Implementation of Digital Mental Health Tools in Ambulatory Care Coordination (Illinois)

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Tailored implementations of digital mental health interventions have the potential to improve the coordination of mental health services in ambulatory care settings and to increase access to these services.

Project Details - Ongoing

Summary:

Patients with both physical and mental health conditions often require care coordination from care managers (CMs). However, many CMs report lacking sufficient training and resources to support patients with their mental health, particularly depression, which is more common among adults with chronic medical conditions. This gap is exacerbated by limited specialty mental healthcare resources, long waitlists for services, and other barriers to care. Despite the availability of evidence-based, digital mental health (DMH) technologies to guide CMs, DMH implementation is often unsuccessful in real-world, ambulatory care settings due to technological obsolescence after lengthy research trials and incompatibility with existing clinical workflows.

To address this issue, researchers at Northwestern University will adapt and implement a DMH intervention to increase access to and improve coordination of mental health services in an ambulatory care setting as well as develop an implementation guide to support replication and sustainability in other healthcare systems.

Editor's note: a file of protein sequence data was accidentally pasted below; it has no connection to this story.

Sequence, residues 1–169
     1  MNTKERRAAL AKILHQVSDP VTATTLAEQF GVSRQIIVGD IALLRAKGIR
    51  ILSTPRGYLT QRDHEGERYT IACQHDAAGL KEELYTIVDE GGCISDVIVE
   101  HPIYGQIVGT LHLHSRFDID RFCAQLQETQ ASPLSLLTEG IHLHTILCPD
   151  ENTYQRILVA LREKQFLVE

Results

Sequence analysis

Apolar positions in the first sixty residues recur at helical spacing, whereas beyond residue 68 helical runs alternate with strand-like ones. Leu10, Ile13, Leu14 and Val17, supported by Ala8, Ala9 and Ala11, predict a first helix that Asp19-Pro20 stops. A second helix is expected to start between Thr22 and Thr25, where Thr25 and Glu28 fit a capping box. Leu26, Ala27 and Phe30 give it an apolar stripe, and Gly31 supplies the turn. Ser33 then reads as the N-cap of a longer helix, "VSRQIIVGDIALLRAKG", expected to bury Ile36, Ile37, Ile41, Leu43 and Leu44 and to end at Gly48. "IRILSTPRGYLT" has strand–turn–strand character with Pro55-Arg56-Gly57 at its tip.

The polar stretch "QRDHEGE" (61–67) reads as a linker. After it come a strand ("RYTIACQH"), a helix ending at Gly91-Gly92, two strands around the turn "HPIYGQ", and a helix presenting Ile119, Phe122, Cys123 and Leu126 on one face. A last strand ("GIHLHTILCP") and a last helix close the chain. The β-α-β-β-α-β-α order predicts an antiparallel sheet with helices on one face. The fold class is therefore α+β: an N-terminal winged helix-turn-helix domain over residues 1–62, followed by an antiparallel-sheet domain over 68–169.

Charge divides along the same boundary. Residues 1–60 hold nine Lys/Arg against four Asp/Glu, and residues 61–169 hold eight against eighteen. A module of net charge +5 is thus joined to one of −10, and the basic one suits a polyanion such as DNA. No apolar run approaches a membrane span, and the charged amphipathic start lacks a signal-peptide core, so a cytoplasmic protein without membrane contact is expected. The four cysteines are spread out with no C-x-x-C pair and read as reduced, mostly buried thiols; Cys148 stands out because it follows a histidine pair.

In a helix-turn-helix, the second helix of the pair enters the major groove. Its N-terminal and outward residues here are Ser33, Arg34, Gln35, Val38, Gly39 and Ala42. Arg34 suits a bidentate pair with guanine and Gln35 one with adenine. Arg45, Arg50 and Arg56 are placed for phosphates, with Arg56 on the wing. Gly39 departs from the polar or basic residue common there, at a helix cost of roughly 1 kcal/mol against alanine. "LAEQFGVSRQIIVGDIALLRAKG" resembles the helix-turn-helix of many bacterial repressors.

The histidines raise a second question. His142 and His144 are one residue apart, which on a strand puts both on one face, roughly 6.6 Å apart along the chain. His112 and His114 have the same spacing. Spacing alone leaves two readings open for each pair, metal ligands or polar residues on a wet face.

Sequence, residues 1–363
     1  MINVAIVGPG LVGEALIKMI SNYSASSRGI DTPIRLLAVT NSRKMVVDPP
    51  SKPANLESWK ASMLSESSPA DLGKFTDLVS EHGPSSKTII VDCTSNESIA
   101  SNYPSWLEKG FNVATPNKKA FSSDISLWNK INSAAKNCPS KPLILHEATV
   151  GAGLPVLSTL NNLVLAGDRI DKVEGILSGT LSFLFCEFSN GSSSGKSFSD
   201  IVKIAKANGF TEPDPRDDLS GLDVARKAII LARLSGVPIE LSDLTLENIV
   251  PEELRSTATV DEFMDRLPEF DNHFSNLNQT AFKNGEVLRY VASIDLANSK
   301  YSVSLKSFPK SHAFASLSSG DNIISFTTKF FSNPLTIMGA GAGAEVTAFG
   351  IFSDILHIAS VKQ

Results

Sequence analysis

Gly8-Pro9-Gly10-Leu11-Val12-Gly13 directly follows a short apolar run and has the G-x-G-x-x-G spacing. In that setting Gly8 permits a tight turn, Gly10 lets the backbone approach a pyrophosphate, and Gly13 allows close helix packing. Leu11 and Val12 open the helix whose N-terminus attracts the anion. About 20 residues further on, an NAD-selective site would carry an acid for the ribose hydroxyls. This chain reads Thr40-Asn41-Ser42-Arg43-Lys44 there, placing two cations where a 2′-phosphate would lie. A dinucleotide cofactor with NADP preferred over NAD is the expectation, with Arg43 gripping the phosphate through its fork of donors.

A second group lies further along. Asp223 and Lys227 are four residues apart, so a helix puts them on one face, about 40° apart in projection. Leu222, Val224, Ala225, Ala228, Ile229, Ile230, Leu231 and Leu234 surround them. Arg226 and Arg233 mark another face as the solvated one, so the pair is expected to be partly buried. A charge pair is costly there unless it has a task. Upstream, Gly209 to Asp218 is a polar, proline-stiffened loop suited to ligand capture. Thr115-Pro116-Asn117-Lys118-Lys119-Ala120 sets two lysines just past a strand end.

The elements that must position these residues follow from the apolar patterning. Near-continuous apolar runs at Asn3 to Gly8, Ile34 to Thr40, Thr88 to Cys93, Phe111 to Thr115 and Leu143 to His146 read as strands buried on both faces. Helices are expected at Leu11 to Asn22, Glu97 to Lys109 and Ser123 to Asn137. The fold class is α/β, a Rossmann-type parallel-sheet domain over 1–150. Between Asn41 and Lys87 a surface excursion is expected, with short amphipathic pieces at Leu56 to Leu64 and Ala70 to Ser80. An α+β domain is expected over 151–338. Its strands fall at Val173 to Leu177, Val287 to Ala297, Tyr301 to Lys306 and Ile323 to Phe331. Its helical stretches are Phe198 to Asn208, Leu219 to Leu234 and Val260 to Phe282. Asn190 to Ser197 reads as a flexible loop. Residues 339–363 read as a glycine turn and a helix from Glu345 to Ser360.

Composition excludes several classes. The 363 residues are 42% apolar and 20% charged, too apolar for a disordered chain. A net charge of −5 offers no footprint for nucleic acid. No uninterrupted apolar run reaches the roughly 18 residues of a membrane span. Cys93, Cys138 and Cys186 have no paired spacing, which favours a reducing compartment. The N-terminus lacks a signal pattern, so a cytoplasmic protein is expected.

The specific aims of the research are as follows:

  • Adapt a digital mental health platform and service model to address implementation barriers within care coordination. 
  • Develop and subsequently optimize a multicomponent implementation strategy. 
  • Conduct a randomized rollout effectiveness-implementation trial of the DMH platform and a sustainment pilot period in the four regional teams of the Ambulatory Care Coordination service. 

To achieve these aims, the research team will employ a user-centered design approach to adapt an existing DMH platform and service model, including design feedback workshops and usability testing with CMs and patients. The research team will also convene a Stakeholder Advisory Board to iteratively develop and refine a set of implementation strategies to inform the rollout of a rapid-cycle randomized trial to assess the efficacy of the DMH intervention. The intervention will be evaluated based on efficacy, reach, acceptability, feasibility, fidelity, adoption, and cost compared to treatment as usual. Following the trial, the research team will transition all key implementation functions to the study site’s CM staff and monitor intervention effectiveness during a 6-month sustainment pilot. Lessons learned will be compiled into an implementation guide for use by other integrated healthcare systems.

The findings of this research will demonstrate the utility of tailored approaches to implementing DMH technologies and inform potential scaling of such interventions into a broader range of healthcare settings.